According to the Detroit Downtown Development Authority, construction costs for the Detroit Red Wings' Little Caesars Arena have risen $105 million to $732.6 million, The Detroit News reported.
City officials said the increases are a result of design tweaks, permits, subcontractors and other project costs. However, higher costs could also mean that the Detroit Pistons will share the facility.
- Olympia Development — the development arm of the Ilitch family, which owns Little Caesars and the Red Wings — said the official cost of the arena remains unchanged at $627.5 million and that the city's figures include items that the organization does not recognize. Olympia is obligated to cover so-called soft costs on the project, and according to Yahoo Sports, city officials said the developer will pay for the extras.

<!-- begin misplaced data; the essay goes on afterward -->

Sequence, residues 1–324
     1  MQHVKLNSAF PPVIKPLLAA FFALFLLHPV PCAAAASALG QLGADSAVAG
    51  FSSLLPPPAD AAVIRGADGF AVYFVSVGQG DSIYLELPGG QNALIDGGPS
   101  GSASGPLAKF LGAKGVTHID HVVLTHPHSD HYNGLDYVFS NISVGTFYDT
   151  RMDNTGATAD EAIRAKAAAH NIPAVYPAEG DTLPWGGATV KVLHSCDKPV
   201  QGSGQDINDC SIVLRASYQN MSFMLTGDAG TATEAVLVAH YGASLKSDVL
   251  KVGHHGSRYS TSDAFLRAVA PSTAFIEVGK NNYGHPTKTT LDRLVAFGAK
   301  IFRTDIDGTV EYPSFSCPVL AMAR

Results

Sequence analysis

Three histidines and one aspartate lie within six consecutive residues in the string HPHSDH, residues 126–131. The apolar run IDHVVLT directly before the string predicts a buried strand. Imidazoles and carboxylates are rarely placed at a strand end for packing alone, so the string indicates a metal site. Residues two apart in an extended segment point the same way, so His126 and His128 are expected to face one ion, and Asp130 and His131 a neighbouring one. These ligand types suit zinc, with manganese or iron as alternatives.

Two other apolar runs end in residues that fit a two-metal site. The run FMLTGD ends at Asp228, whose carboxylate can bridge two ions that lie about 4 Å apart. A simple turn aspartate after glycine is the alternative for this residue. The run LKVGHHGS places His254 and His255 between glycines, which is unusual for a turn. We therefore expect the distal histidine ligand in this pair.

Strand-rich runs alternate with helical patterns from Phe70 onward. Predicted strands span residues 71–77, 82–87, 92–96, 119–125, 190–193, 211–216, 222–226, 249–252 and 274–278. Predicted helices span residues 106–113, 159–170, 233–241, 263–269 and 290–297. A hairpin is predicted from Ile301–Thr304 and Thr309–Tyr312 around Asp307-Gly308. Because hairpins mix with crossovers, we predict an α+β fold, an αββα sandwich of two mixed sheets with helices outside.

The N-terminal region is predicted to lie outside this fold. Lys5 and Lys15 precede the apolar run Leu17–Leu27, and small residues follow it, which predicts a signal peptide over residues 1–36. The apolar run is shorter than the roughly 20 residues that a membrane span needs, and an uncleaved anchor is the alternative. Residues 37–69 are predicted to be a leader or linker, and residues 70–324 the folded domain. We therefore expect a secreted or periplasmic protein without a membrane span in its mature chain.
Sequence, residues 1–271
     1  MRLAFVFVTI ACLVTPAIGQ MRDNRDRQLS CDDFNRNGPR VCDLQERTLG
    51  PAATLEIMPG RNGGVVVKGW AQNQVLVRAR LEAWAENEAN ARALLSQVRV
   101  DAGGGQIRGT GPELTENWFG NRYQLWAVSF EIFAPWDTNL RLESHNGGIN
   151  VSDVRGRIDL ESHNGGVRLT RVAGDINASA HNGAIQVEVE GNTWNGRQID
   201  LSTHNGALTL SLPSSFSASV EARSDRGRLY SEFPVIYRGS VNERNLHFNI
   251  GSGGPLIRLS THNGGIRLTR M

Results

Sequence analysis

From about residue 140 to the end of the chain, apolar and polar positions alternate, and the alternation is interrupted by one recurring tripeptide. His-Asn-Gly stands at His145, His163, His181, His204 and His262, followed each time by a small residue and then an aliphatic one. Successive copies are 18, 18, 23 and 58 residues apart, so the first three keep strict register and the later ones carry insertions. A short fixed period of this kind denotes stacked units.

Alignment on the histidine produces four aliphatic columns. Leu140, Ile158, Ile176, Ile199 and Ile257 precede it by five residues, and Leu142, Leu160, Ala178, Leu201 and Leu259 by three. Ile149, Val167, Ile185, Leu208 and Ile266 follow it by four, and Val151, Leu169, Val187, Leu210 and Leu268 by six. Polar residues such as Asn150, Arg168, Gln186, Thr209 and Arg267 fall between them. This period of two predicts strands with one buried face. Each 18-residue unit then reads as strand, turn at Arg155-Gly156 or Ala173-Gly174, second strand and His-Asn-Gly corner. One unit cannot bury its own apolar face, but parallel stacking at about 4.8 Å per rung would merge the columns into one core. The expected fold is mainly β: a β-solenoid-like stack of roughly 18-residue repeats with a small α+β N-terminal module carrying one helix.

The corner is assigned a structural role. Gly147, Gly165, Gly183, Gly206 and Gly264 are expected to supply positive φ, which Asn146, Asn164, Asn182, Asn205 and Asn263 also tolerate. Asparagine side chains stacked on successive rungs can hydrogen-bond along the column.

When the project, located in downtown Detroit, was announced in 2015, its estimated cost was $450 million. The combined state and federal investment in the facility is approximately $285 million, and the Ilitch family has reportedly kicked in more than $1.2 billion for the new hockey venue in addition to retail, office, multifamily and hotel projects in the surrounding five-neighborhood area.
Last November, officials announced that owner upgrades had pushed the total price tag up to its current $627.5 million. At the time, Olympia officials said private funding covered items like a large, state-of-the-art LED screen, a practice rink, gondola seating in suite areas and a video and graphic skin on the arena's exterior.
Due to significant public contribution to the arena, the city insisted that 51% of the project's workforce — estimated at roughly 5,500 workers — be made up of Detroit residents. Despite job fairs and employee training programs, contractors have not been able to meet those goals, earning them a $500,000 fine in October.
In response, the Detroit Office of Human Rights Director Portia Roberson, who oversees that hiring program, told the Detroit Free Press that there's no reason to believe either the developer or contractors did not make their best efforts: there just weren't enough local qualified workers available. The money from fines, she said, would go into a fund to train workers for future city construction opportunities.